Colonialism in the Congo
Colonialism in the Congo: Conquest, Conflict, and Commerce
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In the first decade of the twentieth century, again in the 1960s, and then as the world passed from the twentieth to twenty-first centuries, conflict in the Central African region of the Congo became the focus of global concern. This region, the site of so much violence and chaos throughout the twentieth century, still suffers today. Colonialism in the Congo: Conquest, Conflict, and Commerce helps students explore the history of precolonial Congo and European imperialism there. The unit also discusses Congo's independence and the troubles it has experienced since then. In this unit, students participate in the international debate about the future of what was then called the Congo Free State. The debate raises questions that are relevant to decision-makers today: When should citizens and governments of one country be concerned about people in other countries? How should we balance issues of economics and morality when making decisions?
The readings explore precolonial Congo and European imperialism, examine the Congo under Leopold's rule and the international responses to the atrocities there, and explain the outcome of the British debate and traces the twentieth century history of the Congo.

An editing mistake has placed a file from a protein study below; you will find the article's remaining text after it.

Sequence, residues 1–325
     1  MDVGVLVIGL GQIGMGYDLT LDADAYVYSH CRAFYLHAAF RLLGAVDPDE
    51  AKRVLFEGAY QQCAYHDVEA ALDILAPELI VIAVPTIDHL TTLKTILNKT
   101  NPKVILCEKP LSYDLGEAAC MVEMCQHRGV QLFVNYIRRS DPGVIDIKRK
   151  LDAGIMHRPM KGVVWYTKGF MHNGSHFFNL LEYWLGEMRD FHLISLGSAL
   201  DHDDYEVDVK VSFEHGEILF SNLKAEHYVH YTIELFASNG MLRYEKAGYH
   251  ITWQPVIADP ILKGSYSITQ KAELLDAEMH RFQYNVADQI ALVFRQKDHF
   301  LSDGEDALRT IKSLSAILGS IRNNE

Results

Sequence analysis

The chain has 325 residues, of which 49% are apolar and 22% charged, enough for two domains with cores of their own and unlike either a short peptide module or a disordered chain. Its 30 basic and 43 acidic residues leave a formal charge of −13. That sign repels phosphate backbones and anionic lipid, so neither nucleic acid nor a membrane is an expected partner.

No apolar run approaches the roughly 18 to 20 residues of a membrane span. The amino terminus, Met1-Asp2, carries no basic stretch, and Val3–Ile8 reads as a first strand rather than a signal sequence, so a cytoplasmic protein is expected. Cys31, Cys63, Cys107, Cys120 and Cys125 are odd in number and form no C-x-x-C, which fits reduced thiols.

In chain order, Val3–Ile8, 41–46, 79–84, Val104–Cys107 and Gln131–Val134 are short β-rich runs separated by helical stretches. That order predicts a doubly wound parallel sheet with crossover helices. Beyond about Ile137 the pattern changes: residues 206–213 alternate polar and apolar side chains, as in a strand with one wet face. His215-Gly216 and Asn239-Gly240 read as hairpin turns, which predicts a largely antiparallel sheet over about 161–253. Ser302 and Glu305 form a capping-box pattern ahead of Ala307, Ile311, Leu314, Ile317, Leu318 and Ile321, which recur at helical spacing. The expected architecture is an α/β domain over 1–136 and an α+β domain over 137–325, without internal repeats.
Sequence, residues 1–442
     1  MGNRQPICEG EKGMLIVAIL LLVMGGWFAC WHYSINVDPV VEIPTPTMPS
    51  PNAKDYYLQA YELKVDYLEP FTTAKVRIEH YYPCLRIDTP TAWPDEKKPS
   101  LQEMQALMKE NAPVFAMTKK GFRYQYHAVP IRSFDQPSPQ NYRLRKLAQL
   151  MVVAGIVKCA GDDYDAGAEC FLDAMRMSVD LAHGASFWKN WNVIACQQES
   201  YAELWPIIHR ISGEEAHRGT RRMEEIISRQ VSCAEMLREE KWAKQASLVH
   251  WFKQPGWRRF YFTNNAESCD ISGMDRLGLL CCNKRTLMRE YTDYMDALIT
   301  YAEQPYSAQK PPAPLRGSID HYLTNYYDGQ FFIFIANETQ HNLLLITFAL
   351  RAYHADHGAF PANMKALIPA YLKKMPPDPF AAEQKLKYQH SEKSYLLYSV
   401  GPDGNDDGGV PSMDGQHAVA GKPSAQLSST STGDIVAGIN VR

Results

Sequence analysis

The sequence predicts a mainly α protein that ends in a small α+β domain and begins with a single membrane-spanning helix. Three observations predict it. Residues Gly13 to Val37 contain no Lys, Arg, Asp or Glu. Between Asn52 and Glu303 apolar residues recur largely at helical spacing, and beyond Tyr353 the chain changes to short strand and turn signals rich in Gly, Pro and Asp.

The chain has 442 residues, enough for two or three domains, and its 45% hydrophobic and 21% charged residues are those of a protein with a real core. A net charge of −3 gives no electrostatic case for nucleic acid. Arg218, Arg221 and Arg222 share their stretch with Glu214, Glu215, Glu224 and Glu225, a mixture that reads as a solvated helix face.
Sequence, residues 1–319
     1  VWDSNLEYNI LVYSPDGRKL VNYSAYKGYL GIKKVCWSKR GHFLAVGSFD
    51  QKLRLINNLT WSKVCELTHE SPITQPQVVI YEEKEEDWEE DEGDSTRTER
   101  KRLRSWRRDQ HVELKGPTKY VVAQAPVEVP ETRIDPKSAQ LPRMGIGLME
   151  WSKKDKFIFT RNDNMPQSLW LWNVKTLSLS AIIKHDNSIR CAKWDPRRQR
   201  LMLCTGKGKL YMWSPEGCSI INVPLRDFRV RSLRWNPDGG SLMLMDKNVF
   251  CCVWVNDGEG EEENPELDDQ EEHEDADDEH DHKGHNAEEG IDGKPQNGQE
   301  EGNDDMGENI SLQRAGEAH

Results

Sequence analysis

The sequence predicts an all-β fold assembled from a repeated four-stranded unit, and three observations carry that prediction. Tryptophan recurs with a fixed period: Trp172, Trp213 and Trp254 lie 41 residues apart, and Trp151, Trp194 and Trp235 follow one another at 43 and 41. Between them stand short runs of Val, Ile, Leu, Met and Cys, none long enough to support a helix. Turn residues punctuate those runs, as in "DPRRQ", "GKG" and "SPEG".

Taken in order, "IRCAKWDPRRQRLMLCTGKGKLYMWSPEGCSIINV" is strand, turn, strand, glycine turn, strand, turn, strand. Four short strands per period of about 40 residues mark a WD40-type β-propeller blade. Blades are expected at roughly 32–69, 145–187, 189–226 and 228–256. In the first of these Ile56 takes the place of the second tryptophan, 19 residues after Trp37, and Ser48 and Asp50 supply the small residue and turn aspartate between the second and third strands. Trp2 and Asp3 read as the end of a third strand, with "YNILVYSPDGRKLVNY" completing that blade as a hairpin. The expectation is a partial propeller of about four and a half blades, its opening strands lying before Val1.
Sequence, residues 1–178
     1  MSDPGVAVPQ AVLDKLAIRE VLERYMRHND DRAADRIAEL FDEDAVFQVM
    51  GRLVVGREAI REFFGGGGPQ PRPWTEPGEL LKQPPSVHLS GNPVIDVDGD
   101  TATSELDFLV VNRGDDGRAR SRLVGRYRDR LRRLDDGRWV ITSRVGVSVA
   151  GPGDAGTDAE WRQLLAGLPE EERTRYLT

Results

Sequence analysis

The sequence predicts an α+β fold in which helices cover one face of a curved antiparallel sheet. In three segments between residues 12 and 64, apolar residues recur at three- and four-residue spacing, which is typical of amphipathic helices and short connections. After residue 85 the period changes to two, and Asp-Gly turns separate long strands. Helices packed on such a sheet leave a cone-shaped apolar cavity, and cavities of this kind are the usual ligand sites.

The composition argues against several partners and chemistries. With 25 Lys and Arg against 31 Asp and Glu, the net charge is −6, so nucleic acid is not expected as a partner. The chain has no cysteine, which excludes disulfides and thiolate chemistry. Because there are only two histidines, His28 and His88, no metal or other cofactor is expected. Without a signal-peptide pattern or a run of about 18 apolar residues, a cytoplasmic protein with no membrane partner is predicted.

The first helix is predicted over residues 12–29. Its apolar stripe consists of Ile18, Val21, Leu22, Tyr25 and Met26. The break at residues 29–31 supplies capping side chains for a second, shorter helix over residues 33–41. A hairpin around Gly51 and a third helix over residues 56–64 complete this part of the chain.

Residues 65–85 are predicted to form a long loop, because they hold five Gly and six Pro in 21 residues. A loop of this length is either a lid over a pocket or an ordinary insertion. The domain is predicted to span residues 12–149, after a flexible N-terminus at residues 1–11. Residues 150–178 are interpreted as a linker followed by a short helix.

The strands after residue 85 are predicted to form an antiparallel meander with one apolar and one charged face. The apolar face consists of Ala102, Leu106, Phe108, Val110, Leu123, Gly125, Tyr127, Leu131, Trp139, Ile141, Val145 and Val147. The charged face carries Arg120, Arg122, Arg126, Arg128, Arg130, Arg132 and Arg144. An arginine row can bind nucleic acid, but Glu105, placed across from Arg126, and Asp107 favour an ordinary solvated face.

The Choices Role Play
At the core of the unit is a framework of three options the British government discussed in 1904 concerning possible British reaction to the events in the Congo Free State. The choices included unilaterally acting to force change in the region, cooperating with other powers to force change, and focusing on the British empire rather than on problems beyond its scope.
Understanding Precolonial Central Africa
Students interpret proverbs, paying close attention to identifying values in order to develop an understanding of precolonial central Africa.
Europe in Africa
By comparing pre- and postcolonial maps of Africa, students analyze the extent and effects of European colonialism in Africa.
Students take on the role of historians and interpret testimonies from people who lived in the Congo Free State, analyzing them for reliability and bias.
Hyde Park Corner
Students take on the roles of historical figures to explore the international response to "the Congo Question" and introduces students to important elements of the debate.
Role-Playing the Three Options
Students work cooperatively using primary sources to advocate for one of three options the British Parliament considered regarding the situation in the Congo. A fourth group plays undecided MPs, who question the groups and evaluate the options.
Students consider the legacy of colonialism and the impact of historical perspective on national identity using selections from two different independence day speeches.